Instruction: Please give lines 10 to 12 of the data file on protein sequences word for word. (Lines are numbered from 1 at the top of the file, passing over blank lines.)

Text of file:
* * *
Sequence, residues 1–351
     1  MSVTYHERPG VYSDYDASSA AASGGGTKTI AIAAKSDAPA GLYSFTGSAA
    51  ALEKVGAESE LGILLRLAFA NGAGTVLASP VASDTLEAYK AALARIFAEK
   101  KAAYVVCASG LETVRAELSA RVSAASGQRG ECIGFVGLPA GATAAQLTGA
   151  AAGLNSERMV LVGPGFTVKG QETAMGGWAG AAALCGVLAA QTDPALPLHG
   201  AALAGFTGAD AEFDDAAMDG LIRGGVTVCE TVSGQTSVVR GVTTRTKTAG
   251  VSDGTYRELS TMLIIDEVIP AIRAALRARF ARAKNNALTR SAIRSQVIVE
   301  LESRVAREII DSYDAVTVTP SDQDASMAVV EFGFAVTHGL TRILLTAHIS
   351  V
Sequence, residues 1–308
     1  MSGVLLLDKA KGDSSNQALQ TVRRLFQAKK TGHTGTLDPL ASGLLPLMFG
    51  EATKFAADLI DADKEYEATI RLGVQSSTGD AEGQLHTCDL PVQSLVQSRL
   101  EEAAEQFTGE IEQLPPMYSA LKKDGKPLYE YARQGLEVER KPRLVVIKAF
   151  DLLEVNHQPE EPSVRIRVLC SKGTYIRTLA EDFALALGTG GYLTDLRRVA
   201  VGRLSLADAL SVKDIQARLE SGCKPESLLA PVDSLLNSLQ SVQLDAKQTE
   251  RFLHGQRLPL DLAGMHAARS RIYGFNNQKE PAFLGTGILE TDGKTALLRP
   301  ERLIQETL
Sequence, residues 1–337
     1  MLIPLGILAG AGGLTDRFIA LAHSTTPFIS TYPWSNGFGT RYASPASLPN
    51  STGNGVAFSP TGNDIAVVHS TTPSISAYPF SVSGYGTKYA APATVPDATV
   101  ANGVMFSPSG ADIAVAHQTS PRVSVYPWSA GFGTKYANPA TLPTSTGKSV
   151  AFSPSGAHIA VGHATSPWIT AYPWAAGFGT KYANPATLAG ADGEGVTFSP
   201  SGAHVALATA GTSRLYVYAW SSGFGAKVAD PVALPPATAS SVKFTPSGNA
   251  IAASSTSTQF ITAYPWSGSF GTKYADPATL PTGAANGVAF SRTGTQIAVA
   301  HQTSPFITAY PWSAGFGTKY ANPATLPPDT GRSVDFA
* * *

Sequence, residues 1–308
     1  MSGVLLLDKA KGDSSNQALQ TVRRLFQAKK TGHTGTLDPL ASGLLPLMFG
    51  EATKFAADLI DADKEYEATI RLGVQSSTGD AEGQLHTCDL PVQSLVQSRL